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Transcript: Goodbye sales funnel, hello social media

Karl Moore: This is Karl Moore of the Desautels Faculty of Management at McGill University, Talking Management for The Globe and Mail. Today I am delighted to speak to Brian Fetherstonhaugh who is the chairman CEO of OgilvyOne Worldwide which is the online medium, new media part, of Ogilvy & Mathers, one of the great advertising firm in the world.

Brian, good afternoon.

Brian Fetherstonhaugh: Good afternoon.

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KM: When we look at it, you've written and talked about how selling has changed. How has selling changed and how is it different in this new world?

BF: I think a lot of aspects of selling have changed, but there is a fundamental thing that has happened which is that buying has changed and, if you think about it, consumers are just fundamentally better informed and more empowered. So if you think about buying a car, or buying a vacation trip or a camera or laptop, today you don't walk into that buying situation uninformed and at the mercy of a sales person. You walk in and you've done your search, you've checked out the corporate websites and very likely you've looked at third parties and tried to get some ratings and assessments from other people like you - that role of social media coming in. So, selling has changed because buying has fundamentally changed.

KM: So what's the role of social media? Is that really central now in how we sell to people?

BF: You know, I think in the last two years in particular, Karl, the social media impact on purchasing is really on the ascendency. When you look at Facebook, Twitter, YouTube, LinkedIn to some extent in the business-to-business field, they are having powerful, powerful, influences on who gets on the buying menus and what, ultimately, purchases are made.

KM: So what's the role of a sales person in all of this? If social media is so important, what does a sales person do?

BF: You know, there is still tremendous importance of the selling person, but their mind frame needs to be different. In the old world so many people grew up with driving consumers through the sales funnel. Now the sales funnel was actually invented in 1898, so it's had a very good run, but this notion of the marketer or seller driving people through the selling funnel is just not relevant anymore. The empowered and informed consumer has got their own journey and your job as a sales person is to meet them on their journey and propel them and work with them towards a final sale. It's a very different beast.

KM: Can you give us an example of a journey?

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BF: So, a customer journey if you were to buy a new laptop, for example. In the old world, you'd walk into an electronics retailer semi-informed, you might have read a trade publication or you might have talked to some expert at work, and after that point you are asking the sales person, you are putting yourself at their mercy and in their hands, to inform you about the different models, price points and specifications. Today, a typical journey for a laptop or electronics purchase would definitely involve search and early discovery, talking to friends and trusted people you know, but also looking for peers, people like you or strangers with expertise, and consulting a wide variety of sources. Once you are equipped with that - quite close to the end of your journey - you might go into a retail store. So you see how this buyer-seller relationship is extremely different then what it was three to five years ago.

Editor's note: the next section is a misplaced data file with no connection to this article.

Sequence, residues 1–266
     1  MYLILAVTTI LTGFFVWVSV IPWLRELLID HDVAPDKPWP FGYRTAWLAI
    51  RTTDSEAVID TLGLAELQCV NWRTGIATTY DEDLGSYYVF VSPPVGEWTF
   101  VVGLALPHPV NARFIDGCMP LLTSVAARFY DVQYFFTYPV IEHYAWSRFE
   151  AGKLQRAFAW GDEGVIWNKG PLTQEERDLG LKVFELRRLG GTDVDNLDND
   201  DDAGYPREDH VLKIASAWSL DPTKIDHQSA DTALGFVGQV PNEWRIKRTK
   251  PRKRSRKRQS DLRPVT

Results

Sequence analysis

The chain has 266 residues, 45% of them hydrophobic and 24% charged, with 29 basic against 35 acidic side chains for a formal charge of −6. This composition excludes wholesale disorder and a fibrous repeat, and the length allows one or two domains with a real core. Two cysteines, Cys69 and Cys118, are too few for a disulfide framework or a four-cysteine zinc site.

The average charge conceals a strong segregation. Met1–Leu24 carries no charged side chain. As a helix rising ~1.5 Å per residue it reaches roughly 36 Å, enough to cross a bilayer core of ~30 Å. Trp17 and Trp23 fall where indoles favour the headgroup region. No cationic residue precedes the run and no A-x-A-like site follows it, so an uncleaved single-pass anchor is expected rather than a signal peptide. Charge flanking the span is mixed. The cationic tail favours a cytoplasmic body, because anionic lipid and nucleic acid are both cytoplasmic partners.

KM: So the sales person has to be more knowledgeable, perhaps, then they were in the past. Can they still up-sell? Can they still convince people that they want some additional features?

BF: Yup. There is still an important role for the sales person, but you aren't holding all the cards, you don't have all the data, so your role is quite a bit different. It's more consultative, it's more understanding how this fits with the consumer, and to the extent that you can connect, what you have to sell with the consumer's existing journey, then you will have success. But if you are trying to force someone, when they know the facts are wrong, you are not going to be successful as a sales person. So the skill is quite different, sales people really need to step up and to be much more consultative and collaborative and advisory. Some people are adapting really well, and some people are really struggling with it.

KM: This has been Karl Moore of the Desautels Faculty of Management at McGill University, Talking Management for The Globe and Mail.

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